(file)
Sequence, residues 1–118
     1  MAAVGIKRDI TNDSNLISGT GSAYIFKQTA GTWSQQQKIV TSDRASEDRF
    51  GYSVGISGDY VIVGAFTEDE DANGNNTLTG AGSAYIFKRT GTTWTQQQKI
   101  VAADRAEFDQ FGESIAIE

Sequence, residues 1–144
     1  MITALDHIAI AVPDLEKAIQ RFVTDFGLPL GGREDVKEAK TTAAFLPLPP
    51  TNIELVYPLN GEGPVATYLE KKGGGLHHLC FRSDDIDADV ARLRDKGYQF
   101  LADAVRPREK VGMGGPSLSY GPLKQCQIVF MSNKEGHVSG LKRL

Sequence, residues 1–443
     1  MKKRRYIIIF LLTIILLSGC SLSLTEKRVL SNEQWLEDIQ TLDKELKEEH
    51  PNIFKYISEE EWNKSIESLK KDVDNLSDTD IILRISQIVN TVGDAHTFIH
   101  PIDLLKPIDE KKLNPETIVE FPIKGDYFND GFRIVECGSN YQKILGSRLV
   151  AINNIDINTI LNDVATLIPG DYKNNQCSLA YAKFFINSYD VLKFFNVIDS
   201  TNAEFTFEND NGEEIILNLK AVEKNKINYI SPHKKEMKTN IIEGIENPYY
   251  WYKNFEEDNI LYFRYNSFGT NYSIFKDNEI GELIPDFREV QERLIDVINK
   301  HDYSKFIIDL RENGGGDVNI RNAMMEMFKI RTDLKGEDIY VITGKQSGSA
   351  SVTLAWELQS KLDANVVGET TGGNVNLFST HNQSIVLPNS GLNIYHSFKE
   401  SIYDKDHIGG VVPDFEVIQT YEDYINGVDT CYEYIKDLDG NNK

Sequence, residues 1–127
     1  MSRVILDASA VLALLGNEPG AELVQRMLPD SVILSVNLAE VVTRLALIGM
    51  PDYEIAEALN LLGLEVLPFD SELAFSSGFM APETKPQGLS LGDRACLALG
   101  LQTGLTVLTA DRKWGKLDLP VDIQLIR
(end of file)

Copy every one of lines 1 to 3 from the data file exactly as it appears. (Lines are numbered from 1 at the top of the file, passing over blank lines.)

Sequence, residues 1–118
     1  MAAVGIKRDI TNDSNLISGT GSAYIFKQTA GTWSQQQKIV TSDRASEDRF
    51  GYSVGISGDY VIVGAFTEDE DANGNNTLTG AGSAYIFKRT GTTWTQQQKI